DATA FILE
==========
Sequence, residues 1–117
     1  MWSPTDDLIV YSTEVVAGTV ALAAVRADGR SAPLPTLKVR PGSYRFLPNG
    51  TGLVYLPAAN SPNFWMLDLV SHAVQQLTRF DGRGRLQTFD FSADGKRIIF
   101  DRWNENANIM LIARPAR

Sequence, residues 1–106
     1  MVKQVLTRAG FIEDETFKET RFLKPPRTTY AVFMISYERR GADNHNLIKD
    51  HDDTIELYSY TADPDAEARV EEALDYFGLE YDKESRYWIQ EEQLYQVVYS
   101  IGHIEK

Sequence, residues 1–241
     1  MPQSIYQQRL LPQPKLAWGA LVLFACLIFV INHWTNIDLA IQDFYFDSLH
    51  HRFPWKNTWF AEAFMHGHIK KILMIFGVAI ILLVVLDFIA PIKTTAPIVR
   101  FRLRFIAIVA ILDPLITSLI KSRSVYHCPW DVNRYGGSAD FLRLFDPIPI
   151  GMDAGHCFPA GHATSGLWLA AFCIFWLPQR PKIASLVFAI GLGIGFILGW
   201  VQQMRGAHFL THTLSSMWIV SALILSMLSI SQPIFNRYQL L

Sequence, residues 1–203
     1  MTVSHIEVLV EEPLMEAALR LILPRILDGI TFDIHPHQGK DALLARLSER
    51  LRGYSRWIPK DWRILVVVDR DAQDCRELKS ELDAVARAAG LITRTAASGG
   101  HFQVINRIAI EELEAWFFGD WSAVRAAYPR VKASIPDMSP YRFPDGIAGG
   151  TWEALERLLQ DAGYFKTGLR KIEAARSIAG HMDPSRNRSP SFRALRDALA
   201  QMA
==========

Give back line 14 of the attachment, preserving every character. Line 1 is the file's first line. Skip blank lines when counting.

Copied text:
   201  VQQMRGAHFL THTLSSMWIV SALILSMLSI SQPIFNRYQL L